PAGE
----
There is a vast array of ornamental trees that are now being cut down daily and removed due to various factors and processed for a new life, and some great wood potential lies ahead. This recycling saves not taking the cut trees to the landfill, and residents must get their thinking into “recycle, reuse, repurpose and re-think” to alter their life styles with trash.

When a tree has to be cut down and removed, the log-cutting arborist must make some judgment calls about the quality, configuration, size and external character of each log. This evaluation is key to see if the criteria for milling the log are worth the time and effort.

Experience and knowledge of this arboricultural understanding is vital, but not until the long circular band saw actually cuts into the log can they truly see what exist within each log and the tree’s internal aesthetic value.

The grains and annual rings of each tree are a historic treasure of how the trees have grown over their lifetime. Weather patterns can be evaluated by understanding the spacing within the annual rings of the wood, from drought cycle periods to wet rainy years and the tree’s age can be determined by reading the number of rings from the outside just under the bark to the center of the tree trunk.

Dendrology is the science of this understanding on how a tree has grown and the patterns of weather conditions over centuries can be understood and studied.

The variety of urban trees that are being harvested can range from oak, elm, sweet gum, gingko, ash, ficus, sycamore, maple, grevillea and more. Each species of tree has its own internal wood character and personality inside the trunk and, in just one log, can have many variations of patterns that can be very unique.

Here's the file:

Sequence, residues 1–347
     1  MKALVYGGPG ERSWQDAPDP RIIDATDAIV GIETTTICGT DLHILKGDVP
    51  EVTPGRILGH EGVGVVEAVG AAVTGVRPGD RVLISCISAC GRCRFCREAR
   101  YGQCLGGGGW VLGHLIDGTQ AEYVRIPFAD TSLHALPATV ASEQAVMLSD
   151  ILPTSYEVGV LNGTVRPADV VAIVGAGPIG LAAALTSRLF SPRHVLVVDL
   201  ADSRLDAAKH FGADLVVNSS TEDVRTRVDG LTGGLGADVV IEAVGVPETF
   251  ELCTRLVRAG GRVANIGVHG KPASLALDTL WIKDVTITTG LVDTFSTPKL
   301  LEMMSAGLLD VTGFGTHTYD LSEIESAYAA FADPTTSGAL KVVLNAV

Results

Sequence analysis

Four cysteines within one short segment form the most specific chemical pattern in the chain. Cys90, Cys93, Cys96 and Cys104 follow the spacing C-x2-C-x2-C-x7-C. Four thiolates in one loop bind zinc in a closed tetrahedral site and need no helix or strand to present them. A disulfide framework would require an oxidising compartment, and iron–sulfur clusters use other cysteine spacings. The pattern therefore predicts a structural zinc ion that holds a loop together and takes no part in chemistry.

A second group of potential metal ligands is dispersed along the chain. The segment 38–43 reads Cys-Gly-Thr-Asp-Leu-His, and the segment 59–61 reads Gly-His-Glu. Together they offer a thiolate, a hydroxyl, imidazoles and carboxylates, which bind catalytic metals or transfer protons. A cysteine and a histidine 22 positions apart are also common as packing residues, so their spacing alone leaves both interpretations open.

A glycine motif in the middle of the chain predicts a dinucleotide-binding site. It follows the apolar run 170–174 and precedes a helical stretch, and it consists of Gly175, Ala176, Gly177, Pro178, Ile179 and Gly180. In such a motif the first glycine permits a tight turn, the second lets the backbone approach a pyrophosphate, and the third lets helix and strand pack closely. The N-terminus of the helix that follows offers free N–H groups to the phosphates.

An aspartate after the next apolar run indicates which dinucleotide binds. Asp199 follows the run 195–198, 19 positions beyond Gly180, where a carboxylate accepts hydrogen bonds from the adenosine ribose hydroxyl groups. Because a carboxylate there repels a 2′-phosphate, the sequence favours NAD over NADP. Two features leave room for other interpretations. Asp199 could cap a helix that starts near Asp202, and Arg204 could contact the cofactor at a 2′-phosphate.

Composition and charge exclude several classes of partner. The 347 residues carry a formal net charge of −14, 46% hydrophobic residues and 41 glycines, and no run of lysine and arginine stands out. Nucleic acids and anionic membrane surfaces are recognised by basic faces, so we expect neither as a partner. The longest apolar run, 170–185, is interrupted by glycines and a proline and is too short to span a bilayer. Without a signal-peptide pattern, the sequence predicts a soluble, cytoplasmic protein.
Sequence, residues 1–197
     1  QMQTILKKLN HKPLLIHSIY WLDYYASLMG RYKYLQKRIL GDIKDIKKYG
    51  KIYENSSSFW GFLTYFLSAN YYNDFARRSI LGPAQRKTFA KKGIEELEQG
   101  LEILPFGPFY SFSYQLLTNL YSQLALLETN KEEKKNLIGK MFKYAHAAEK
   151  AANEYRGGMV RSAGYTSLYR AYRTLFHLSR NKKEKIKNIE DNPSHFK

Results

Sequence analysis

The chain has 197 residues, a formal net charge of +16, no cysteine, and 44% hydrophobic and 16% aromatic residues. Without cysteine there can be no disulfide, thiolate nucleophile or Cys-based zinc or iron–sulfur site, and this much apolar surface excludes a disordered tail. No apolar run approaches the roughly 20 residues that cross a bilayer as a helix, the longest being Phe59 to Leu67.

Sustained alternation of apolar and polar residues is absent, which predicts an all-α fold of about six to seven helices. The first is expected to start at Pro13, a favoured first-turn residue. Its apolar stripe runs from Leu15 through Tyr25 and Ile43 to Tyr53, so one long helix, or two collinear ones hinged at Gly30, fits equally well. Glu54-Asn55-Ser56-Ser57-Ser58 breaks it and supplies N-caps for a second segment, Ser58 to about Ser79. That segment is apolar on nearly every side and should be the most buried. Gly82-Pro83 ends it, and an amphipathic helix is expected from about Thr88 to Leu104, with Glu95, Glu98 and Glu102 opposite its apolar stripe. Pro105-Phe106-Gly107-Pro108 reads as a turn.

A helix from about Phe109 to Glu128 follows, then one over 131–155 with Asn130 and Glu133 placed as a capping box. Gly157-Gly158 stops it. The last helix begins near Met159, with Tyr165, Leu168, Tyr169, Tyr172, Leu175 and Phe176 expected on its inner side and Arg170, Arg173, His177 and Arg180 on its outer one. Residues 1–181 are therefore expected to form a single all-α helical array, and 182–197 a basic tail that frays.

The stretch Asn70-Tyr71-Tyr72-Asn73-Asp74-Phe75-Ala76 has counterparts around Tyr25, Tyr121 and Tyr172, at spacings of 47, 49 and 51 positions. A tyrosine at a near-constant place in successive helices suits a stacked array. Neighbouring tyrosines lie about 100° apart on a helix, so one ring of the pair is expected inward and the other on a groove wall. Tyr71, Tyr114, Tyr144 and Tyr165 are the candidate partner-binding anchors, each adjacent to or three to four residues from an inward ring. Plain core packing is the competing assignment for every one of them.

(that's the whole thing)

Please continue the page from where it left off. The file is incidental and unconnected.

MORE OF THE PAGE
There can be small borer holes that can create canals or channels deep into the heart of the tree, and this action is not known until the wooden slabs are cut. and shows additional charm in each plank.

It is like going on a wood hunting expedition to see what lies inside each tree, which is part of the journey and excitement of the challenge.

When these logs are milled into slabs of various widths, lengths and thicknesses, woodworkers can create wonderful forms of art. The northern California redwood tree has some fantastic internal grains and different colors and can be stunning as a dining table.

To me, these art wooden planks can be a historic time-table when the family gathers around for supper and the tree’s character can be read when bowing their heads and giving thanks to the tree’s life history that it tells them.

People need to give praise to the tree world, for it is embedded throughout their lives, and the world needs people to replenish and plant more trees for the cooling of the planet.

Join me this fall to collect native acorns, so they can be germinated, grown and eventually set out into more oak woodlands around Fallbrook.

“The best time to plant trees was 20 years ago; the next best time is today.”

Roger Boddaert, Maker of Natural Gardens and a certified arborist, can be reached for landscape designs and professional tree care at (760) 728-4297.